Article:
‘Be Flood Ready’ information can help people in King County reduce risks and protect property
With an active flood season underway, ‘Be Flood Ready’ information can help people in King County reduce risks and protect property
The 2021-22 “Be Flood Ready” brochure is available to help everyone who works, lives, or commutes through flood-prone areas stay safe during what is already an active flood season. Available online in 23 languages, the brochure produced by the King County Flood Control District has been mailed to everyone in the King County floodplain.
To help ensure the safety of those who live, work, or commute through a floodplain during what is already an active flood season, the King County Flood Control District has prepared the “Be Flood Ready” brochure, featuring important information on what to do before, during, and after high water.
Flooding is the most common natural disaster in King County, with four minor to moderate floods on rivers here since Oct. 1. Even smaller floods can threaten public safety, damage homes, businesses and critical infrastructure, and restrict movement of people and goods. Being prepared is the best way to protect yourself and your property from flood damages.
Published by the King County Flood Control District, the 2021-2022 Be Flood Ready brochure includes updated information on:
What to do before, during, and after a flood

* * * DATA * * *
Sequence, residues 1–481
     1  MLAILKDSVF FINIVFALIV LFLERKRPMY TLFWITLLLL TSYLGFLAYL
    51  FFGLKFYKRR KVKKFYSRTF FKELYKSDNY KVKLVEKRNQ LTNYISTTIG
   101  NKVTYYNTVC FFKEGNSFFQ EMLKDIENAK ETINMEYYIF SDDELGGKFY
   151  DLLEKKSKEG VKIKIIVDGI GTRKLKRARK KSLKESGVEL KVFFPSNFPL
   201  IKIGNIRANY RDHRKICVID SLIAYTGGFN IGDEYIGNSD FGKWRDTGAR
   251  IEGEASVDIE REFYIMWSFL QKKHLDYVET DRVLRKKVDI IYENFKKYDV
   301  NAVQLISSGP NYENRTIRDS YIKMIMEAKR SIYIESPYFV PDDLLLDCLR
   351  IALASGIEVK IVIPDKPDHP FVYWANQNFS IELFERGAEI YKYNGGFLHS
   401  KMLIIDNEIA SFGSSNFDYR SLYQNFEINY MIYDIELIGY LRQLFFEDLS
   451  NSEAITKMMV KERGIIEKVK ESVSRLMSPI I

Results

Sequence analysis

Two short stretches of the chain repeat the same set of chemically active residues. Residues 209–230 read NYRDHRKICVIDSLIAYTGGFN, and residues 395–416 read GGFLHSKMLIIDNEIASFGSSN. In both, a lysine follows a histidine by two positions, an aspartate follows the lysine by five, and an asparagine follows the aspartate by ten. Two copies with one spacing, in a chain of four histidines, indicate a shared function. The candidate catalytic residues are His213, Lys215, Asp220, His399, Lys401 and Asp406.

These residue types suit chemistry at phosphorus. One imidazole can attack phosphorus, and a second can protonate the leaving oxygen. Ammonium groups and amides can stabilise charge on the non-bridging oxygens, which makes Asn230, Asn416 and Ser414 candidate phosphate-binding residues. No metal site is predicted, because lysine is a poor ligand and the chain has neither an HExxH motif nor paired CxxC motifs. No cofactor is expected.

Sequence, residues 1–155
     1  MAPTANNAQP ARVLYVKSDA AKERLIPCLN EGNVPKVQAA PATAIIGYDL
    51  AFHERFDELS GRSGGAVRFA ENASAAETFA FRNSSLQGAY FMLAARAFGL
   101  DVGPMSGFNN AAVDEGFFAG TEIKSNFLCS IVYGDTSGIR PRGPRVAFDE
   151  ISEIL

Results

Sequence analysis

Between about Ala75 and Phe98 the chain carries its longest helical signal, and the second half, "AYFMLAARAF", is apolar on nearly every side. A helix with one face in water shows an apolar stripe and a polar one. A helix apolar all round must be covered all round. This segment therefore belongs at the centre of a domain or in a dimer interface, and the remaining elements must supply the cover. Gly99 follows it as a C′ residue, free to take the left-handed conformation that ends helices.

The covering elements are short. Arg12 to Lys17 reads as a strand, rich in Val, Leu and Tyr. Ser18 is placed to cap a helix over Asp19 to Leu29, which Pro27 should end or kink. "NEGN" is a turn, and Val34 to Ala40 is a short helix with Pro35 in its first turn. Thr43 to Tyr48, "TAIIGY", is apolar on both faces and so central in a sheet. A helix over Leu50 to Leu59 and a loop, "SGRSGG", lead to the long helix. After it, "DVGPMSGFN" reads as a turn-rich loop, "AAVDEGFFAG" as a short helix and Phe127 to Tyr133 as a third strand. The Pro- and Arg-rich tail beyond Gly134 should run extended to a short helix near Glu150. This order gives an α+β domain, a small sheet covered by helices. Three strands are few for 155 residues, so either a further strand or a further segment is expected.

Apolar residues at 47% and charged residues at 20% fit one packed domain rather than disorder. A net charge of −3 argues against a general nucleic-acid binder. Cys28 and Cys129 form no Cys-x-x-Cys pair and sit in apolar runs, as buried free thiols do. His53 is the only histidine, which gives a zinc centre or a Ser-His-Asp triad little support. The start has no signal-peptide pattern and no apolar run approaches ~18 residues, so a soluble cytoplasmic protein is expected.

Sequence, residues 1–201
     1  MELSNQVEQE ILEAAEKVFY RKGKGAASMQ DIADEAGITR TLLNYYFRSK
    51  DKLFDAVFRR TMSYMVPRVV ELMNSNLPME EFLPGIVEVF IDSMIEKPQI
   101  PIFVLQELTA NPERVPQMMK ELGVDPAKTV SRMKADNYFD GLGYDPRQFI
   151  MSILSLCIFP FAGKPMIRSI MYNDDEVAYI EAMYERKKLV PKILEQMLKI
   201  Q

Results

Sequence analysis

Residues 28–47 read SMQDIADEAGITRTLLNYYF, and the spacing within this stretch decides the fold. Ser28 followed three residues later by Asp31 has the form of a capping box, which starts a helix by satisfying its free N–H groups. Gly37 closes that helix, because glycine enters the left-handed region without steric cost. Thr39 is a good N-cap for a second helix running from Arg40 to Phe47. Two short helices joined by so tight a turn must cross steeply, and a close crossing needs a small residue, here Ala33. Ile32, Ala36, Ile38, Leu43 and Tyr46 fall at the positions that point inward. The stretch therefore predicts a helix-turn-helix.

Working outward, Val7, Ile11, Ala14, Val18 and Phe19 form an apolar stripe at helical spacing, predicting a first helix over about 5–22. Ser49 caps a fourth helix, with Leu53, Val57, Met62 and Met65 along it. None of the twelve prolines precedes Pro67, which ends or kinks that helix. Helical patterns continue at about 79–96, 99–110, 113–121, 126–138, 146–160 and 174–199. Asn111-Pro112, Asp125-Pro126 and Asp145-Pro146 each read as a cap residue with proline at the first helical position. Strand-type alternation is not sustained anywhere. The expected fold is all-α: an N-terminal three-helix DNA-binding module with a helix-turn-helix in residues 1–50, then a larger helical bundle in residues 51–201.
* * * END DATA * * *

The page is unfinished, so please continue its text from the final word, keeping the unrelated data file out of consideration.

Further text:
Recommended emergency kit supplies
How to sign up for flood alerts
Expected flood impacts for the Cedar, Green, Snoqualmie, South Fork Skykomish, Tolt, and White rivers, and Issaquah Creek
In addition to being available online, people and businesses within the identified 100-year floodplain in King County were mailed the brochure. The Federal Emergency Management Agency’s 100-year floodplain is the area expected to flood during a flood event that has a 1% chance of occurring in any given year.
During river flooding events, King County serves as a clearinghouse for information on flood conditions, operating a recorded message center with continuous updates of river gauge readings and flood phases and other related information. Reach the Flood Warning Center at 206-296-8200 or 1-800-945-9263. Interpreter assistance in multiple languages is available.
To learn more about how to prepare for flooding, including how to use sandbags to protect property, visit kingcounty.gov/PrepareForFlooding.
The King County Flood Control District is a special purpose government created to provide funding and policy oversight for flood protection projects and programs in King County. The Flood Control District’s Board is composed of the members of the King County Council. The Water and Land Resources Division of the King County Department of Natural Resources and Parks develops and implements the approved flood protection projects and programs.